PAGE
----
One of the things I’ve taught myself to do is to press pause on reacting until I’ve given myself time to think things through, gather more information about the matter, and process whatever I am reacting to logically.
Of course there are situations when there is no time to do that, when I have to go with my initial reaction and trust it.
Sometimes that works out well and I’m pleased that I went with primal instinct. Sometimes it doesn’t go well and in retrospect I wish I’d reacted differently.
Hindsight can be a real know-it-all pill. It can be hard to swallow just how wrong we were to react a certain way in a situation.
Hindsight can be an ally if used to inform our future reactions. Next time we’ll be more careful, considerate, and mindful. We’ll take more time to think before reacting. We’ll try to be less emotional. We’ll try to be more informed. We’ll pause on amber before seeing red.
Or maybe we won’t because maybe we did that and we shouldn’t have done that.
When it’s us who have made a mistake…
We may have our reasons, excuses, for our behaviour. We misunderstood, we lacked information, we lost our temper, felt attacked and were trying to protect ourselves, and so on.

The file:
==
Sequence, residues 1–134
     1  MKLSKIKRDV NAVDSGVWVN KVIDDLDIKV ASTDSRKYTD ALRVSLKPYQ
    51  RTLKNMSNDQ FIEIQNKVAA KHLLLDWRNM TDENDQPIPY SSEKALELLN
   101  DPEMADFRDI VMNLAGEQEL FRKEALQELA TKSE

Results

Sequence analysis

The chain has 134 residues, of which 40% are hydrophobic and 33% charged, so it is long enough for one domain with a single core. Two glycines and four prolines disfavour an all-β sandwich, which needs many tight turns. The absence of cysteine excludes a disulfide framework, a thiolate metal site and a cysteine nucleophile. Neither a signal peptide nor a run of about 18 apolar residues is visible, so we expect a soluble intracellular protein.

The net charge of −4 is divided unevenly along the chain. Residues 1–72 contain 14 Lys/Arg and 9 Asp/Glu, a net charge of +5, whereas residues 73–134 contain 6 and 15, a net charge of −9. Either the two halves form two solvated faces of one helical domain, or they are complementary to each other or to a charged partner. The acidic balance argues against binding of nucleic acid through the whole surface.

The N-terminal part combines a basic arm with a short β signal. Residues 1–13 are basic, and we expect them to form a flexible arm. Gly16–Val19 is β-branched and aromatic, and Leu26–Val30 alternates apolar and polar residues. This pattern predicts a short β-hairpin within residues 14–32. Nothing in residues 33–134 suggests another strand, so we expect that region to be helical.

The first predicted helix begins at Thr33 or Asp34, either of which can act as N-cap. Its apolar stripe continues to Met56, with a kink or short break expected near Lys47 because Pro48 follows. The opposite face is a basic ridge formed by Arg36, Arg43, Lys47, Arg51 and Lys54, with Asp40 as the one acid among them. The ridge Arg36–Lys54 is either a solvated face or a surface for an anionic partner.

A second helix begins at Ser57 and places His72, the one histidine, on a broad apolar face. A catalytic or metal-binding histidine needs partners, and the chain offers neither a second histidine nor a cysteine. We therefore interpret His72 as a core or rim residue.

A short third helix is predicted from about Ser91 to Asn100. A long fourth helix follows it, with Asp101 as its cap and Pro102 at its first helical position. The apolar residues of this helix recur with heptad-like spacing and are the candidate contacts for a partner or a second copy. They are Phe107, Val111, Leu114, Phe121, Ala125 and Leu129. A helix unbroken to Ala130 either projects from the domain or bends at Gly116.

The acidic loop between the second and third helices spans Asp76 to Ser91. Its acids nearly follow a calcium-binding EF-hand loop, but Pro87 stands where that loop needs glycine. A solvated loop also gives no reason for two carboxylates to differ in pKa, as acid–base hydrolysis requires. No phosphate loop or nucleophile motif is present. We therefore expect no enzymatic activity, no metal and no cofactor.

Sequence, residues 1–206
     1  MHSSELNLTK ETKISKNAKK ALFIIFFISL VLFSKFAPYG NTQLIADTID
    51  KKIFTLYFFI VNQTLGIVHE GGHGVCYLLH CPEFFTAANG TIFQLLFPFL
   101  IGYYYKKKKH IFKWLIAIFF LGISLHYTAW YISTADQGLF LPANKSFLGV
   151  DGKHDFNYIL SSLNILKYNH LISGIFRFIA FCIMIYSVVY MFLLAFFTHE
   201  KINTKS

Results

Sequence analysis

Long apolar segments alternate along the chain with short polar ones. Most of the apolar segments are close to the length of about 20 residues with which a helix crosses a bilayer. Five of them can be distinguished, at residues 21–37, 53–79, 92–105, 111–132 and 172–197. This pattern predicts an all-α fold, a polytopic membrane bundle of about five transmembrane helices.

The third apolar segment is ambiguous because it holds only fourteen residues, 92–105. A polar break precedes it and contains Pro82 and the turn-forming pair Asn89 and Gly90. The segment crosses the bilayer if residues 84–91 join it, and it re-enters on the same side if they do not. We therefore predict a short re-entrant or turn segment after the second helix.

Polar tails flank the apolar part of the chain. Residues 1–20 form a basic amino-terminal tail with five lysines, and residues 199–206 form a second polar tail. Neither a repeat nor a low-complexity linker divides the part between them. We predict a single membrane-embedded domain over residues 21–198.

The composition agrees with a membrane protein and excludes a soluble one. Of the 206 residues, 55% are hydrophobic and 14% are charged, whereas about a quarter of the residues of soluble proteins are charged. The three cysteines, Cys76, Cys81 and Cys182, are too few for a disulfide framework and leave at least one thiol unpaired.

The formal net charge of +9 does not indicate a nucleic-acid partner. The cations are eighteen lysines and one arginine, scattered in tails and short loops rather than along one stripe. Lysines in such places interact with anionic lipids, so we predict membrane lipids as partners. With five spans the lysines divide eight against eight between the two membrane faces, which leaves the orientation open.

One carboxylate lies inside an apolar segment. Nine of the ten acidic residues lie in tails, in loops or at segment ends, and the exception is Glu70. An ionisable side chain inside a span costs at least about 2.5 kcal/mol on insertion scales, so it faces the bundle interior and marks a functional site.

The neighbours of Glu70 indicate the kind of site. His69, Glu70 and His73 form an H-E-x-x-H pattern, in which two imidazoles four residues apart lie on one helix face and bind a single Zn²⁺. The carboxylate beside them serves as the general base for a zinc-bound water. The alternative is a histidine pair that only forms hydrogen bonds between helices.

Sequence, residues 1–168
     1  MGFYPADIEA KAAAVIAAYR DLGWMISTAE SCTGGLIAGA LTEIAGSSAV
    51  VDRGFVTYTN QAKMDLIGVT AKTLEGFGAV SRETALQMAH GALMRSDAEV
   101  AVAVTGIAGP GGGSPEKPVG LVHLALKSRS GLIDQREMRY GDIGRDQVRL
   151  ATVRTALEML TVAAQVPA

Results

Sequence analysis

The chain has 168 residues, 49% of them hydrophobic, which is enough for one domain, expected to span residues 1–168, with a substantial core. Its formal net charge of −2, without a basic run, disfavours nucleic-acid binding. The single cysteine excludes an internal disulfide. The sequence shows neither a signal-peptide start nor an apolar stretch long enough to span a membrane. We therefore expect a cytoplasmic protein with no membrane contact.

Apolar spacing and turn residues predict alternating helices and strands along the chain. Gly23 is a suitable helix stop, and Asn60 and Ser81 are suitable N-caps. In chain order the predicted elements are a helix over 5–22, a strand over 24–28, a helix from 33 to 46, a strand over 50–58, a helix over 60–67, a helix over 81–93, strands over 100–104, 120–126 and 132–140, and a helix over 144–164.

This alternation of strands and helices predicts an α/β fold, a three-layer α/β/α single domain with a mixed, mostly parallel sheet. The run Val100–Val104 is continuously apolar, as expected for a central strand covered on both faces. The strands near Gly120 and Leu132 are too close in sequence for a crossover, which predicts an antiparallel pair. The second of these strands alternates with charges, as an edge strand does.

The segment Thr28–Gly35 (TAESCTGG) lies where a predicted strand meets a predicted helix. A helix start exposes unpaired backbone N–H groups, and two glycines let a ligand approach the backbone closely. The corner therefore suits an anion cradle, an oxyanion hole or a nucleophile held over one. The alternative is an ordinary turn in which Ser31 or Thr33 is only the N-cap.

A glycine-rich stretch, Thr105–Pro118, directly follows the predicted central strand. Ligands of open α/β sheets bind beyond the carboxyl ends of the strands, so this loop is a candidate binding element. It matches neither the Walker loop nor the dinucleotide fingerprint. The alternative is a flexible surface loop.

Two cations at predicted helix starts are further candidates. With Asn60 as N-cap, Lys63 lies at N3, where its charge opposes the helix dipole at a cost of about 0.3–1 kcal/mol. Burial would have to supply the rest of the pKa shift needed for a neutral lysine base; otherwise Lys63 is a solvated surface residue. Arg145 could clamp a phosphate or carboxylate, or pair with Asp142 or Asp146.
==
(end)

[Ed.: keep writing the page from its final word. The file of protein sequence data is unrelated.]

Sue W of Nan’s Farm wrote an interesting post about something along those lines: Guilty or Not Guilty?
We may be willing to offer apologies, make amends. Hopeful that those who have been injured by our reaction will give us a second chance, cut us some slack because they’re human too and have probably made mistakes too, will understand.
Being human is an experience that comes with a lot of regret and wishes for do-overs.
Being a blogger comes with a lot of that too. Except as a blogger if you make mistakes you regret, you can grant your wish for a do-over, you can kill one blog off and reincarnate as a new blog and do everything right the next time – all in one human lifetime.
This is great post by Renard of Renard’s World about: 8 Things That All Bloggers Should Consider Doing
I’m including Renard’s post here because of one of the items, and what Renard said about it, in my mind ties in with the theme of this post (which I will get to in a minute).
7.) A Blogger Must Always Respond To Comments In A Timely Manner
We all hate being neglected.